The first animated Netflix original series produced in Latin America is coming to the streaming service Feb. 24. It's called Legend Quest (Las Leyendas in Spanish) and it's not just for kids. The show deftly weaves Mexican history and folklore with humor and a distinctly spooky touch à la Scooby Doo.
Legend Quest is a mythological mish-mash based on a series of children's movies by Anima Estudios, one of Latin America's leading animation studios. The trilogy includes La Leyenda de la Nahuala (The Legend of the Nahuala), La Leyenda de la Llorana (The Legend of the Llorona) and La Leyenda de las Momias (The Legend of the Mummies). Created by the Mexican producer Ricardo Arnaiz, the Legend Quest characters were reinterpreted for U.S. audiences by writer/producer James Krieg of Spooksville fame.
What the show is about
Legend Quest revolves around Leo San Juan, a teenage boy who lives in 19th-century Mexico. But Leo isn't just any teen boy. He has the power to communicate with the supernatural. That ability means Leo gets drawn into all sorts of adventures, whether he likes it or not.
The adventures pick up when Leo's hometown disappears into another dimension. On that day, Leo teams up with the loopy conquistador Don Andrés, the tech-savvy Teodora, the fantastical creature Alebrije and Finado and Moribunda, two calaveras, or Mexican sugar candy skulls. Together, the troop must put an end to the evil antics of Quetzalcóatl, the feathered serpent god of Mesoamerican lore.
Leo's quest unfolds over the course of 13 colorful episodes.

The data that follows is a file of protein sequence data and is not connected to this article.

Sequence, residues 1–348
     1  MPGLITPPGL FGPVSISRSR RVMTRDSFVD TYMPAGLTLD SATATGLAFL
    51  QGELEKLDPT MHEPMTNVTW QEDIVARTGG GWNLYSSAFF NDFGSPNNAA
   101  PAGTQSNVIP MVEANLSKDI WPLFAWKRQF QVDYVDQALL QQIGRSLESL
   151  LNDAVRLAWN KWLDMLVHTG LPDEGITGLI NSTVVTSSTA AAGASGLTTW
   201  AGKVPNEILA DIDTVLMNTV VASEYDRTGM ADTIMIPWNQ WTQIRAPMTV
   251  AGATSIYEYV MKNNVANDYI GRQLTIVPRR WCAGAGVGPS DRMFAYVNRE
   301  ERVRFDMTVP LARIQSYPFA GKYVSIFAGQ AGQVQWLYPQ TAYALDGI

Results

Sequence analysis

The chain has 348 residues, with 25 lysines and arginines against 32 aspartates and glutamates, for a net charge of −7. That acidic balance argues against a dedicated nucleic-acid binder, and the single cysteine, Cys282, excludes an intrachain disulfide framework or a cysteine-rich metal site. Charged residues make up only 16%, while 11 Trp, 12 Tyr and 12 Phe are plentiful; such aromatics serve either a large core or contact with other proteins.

What adults will like about it
Parents, baby sitters and other child care providers may have a difficult time watching some children's shows. Jokes may lack nuance, the songs can seem redundant (perhaps even grating) and there might even be a lack of dramatic tension. But Legend Quest has its share of inside jokes and plot twists for adult viewers.
For instance, when Don Andrés talks about the game Leo invented — "legball" — never catching on, adults will chuckle because they know he's talking about fútbol, or soccer. Children, at least younger ones, might not get it, but that's OK. Some jokes in children's shows really are meant for the grown-ups who are sharing the screen with kids.
Another boon to the show is the cultural awareness. Legend Quest makes plenty of educational nods to Mexican history and folklore. Even history and mythology buffs will find themselves Googling references and double-checking dates. The range of legends and historical events that have inspired different characters and scenes is surprisingly sophisticated. Little kids may not care to know all of the particulars, but doing a bit of research can help engage adults and even give them a chance to geek out a little. Plus, that research could be a great launching point for educating your child. A trip to the library or an arts and craft activity may be in store.
Considering all of the offensive comments President Donald Trump has made about Mexicans and other Latinos (inspiring movements like the #TacoTrucksOnEveryCorner hashtag), U.S. companies should be going out of their way improve international relations. A partnership between a U.S. company like Netflix and a Mexican company like Anima Estudios is a perfect example of such an international partnership.
A show like Legend Quest can teach your children the importance of being open-minded toward other cultures. And if you and your children happen to be of Mexican heritage, then watching Legend Quest will help you honor your roots. At this time in U.S. history, Latino children need a reminder that they and their people are important. As the Los Angeles Times reported, Trump's Cabinet lacks Latino members. That's a first for the Cabinet since the 1980s.
Either way, U.S. television shows needs more imaginative, non-stereotypical representation of Latino cultures. Legend Quest demonstrates how to accomplish that goal with authenticity.